Generations of teen movies — from “Sixteen Candles” to “Clueless” to this year’s “Booksmart” — have upheld dating and hooking up in high school as not only a rite of passage, but also a sign of being a confident and socially adjusted adolescent.
In fact, a new study suggests that teens who stay single during those formative years are actually happier than those riding the highs and lows of hormone-fueled relationship roller coasters. (Cue Beyonce’s “Single Ladies” — and parents sighing in relief as they use this as another excuse to beg their kids to abstain from dating “until they’re older.”)
Dating is considered a normal and often essential part of teen development, as more than a third of adolescents ages 13 to 17 have had some type of romantic experience, and that jumps to 44% between the ages of 15 and 17, according to Pew Research. And dating is indeed one important way of developing social skills and growing emotionally.
But that also means some two-thirds of teens actually don’t date. And Brooke Douglas, a doctoral student in health promotion at the University of Georgia’s College of Public Health, wondered about those lonely hearts.
“Does this mean that teens that don’t date are maladjusted in some way? That they are social misfits?” she said in an interview with the University of Georgia’s online newspaper. “Few studies had examined the characteristics of youth who do not date during the teenage years, and we decided we wanted to learn more.”
So she analyzed data collected by study co-author Pamela Orpinas that followed a group of adolescents in northeast Georgia from sixth through 12th grade. Each spring, the students self-reported whether or not they had dated, as well as a social and emotional factors such as their relationships with friends, their relationships at home and at school, and whether they were showing any symptoms of depression or having suicidal thoughts. Their teachers were also surveyed about each student’s behavior in areas including social skills, leadership skills and levels of depression.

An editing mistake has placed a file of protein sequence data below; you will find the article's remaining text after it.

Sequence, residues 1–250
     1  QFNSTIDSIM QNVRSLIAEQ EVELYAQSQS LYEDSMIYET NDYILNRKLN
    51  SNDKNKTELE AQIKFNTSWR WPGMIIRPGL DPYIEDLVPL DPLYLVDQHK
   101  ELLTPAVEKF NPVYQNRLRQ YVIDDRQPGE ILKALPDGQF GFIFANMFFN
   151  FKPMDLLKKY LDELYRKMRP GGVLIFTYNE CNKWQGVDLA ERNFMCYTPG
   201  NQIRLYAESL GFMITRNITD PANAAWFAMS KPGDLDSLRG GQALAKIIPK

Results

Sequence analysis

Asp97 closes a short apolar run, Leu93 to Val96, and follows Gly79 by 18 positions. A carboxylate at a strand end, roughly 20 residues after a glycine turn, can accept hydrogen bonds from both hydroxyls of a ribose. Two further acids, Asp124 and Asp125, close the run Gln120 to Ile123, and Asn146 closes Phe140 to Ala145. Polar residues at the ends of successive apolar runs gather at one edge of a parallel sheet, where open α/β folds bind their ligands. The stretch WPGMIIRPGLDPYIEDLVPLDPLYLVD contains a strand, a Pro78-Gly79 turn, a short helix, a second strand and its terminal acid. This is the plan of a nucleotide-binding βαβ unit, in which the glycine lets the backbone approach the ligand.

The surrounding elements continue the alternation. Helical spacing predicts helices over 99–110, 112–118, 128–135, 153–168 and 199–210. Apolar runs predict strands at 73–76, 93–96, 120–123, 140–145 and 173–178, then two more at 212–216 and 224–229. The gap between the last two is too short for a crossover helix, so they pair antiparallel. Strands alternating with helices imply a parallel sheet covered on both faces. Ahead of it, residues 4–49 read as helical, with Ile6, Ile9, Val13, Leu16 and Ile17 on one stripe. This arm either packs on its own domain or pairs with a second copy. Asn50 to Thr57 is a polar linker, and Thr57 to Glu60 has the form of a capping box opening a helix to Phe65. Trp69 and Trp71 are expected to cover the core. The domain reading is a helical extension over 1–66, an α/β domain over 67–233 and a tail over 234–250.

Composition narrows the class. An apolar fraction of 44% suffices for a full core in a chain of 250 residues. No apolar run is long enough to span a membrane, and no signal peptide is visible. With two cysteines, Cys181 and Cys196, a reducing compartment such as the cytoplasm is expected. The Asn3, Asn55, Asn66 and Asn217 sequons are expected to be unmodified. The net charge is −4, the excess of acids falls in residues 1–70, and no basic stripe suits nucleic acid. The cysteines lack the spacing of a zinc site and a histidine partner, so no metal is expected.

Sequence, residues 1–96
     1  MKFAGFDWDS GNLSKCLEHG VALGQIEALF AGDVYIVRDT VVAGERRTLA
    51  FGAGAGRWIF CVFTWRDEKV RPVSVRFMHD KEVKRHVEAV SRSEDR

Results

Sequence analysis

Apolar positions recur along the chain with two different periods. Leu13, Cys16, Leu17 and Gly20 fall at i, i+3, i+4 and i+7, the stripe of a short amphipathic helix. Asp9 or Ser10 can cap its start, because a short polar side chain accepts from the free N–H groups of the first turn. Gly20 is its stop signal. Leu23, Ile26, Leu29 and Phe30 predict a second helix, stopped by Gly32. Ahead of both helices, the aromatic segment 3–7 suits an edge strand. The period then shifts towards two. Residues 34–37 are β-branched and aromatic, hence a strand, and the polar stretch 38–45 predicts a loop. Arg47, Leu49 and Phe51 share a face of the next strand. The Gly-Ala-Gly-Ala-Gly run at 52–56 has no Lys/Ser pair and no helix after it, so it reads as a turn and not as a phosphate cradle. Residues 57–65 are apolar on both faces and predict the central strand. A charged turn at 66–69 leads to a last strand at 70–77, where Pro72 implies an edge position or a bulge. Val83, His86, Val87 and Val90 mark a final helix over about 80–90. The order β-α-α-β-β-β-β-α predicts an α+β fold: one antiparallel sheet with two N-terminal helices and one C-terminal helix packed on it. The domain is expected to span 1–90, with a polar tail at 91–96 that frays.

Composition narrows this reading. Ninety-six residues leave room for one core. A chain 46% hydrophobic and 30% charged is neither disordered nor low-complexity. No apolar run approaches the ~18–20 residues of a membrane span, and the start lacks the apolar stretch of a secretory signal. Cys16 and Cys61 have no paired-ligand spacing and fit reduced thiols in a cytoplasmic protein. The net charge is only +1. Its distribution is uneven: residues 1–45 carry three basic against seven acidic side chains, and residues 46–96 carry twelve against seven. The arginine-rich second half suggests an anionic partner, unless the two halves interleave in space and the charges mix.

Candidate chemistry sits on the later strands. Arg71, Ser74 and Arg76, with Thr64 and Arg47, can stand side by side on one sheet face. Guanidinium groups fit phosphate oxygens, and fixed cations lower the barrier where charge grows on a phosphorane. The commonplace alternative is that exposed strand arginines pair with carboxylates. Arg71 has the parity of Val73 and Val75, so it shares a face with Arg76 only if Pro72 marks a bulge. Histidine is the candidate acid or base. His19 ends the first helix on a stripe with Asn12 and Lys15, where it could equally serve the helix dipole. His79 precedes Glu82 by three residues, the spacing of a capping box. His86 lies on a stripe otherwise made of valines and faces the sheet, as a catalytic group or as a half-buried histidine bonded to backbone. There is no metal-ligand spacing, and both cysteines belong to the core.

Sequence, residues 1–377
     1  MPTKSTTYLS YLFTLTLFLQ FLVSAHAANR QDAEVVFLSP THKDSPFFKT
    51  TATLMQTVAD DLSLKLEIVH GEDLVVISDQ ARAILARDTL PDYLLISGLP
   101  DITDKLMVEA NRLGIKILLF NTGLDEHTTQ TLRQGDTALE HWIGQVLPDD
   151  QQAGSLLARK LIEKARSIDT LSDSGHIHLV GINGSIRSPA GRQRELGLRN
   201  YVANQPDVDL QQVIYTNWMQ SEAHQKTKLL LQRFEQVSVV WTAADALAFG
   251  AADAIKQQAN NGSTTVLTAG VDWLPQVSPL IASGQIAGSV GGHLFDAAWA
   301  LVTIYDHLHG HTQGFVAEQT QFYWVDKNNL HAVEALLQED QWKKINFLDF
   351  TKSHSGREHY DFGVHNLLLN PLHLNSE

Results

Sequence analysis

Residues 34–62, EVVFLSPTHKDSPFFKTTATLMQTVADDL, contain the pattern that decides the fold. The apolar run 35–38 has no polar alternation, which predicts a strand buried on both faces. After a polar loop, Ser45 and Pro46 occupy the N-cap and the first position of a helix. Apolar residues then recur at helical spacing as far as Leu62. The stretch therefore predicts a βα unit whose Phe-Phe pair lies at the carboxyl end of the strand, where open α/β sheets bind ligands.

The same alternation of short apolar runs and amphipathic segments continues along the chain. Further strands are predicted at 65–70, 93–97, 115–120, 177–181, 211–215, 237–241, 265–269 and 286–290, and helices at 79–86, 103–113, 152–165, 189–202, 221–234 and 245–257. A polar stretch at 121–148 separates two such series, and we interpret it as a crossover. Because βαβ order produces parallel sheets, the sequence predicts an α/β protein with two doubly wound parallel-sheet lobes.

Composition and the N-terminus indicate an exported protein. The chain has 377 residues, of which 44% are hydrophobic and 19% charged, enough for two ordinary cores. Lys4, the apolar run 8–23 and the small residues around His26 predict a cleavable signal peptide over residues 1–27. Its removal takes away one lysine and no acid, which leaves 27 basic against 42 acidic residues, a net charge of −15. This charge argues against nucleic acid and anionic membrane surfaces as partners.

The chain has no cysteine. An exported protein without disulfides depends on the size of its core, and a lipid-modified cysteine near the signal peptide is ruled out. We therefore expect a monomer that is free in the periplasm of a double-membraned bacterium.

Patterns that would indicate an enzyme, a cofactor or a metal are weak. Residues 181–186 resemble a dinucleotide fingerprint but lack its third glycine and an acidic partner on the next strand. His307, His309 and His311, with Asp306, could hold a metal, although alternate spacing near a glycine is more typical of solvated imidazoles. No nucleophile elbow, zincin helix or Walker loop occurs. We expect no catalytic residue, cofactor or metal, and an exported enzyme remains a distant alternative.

And the results showed that non-dating students had similar — or even better — interpersonal skills than their classmates who were in romantic relationships.
What’s more, their teachers rated these single students “significantly higher” for social and leadership skills than their coupled classmates. And both the students themselves and the teachers reported that the non-dating teens were happier and less depressed. The number of students who self-reported feeling sad or hopeless was also “significantly lower” in the non-dating group.
“In summary, we found that non-dating students are doing well and are simply following a different and healthy developmental trajectory than their dating peers,” Orpinas told the UGA news site.
Douglas added that, “While the study refutes the notion of non-daters as social misfits, it also calls for health promotion interventions at schools and elsewhere to include non-dating as an option for normal, healthy development.”
Indeed, government data shows that teens are dating less now than they did in the past, with the number of 12th grade students who remain single jumping from 14% in 1991 to 38% in 2013. And the number of teens who had ever had sex has been on the decline, dropping from 54% in 1992 to 40% in 2017.
The authors didn’t offer explanations on why these kids were happier on their own. But research in adults shows that some alone-time can improve quality of life. A 2016 presentation for the American Psychological Association put forth evidence that single people have a heightened sense of self-determination, and they are more likely to experience “a sense of continued growth and development as a person” compared to those who stayed married, for example. There’s also research showing that many single people are more physically active and have lower BMIs than people who are married. Plus, looking for love isn’t cheap: The average American spends $1,596 a year on dating, including the grooming and bar tabs that goes into going out. So being alone can be easier on the budget.
There’s also plenty of benefits to being in a healthy romantic relationship, of course. The bottom-line is that either lifestyle choice is normal.
“As public health professionals, we can do a better job of affirming that adolescents do have the individual freedom to choose whether they want to date or not, and that either option is acceptable and healthy,” said Douglas.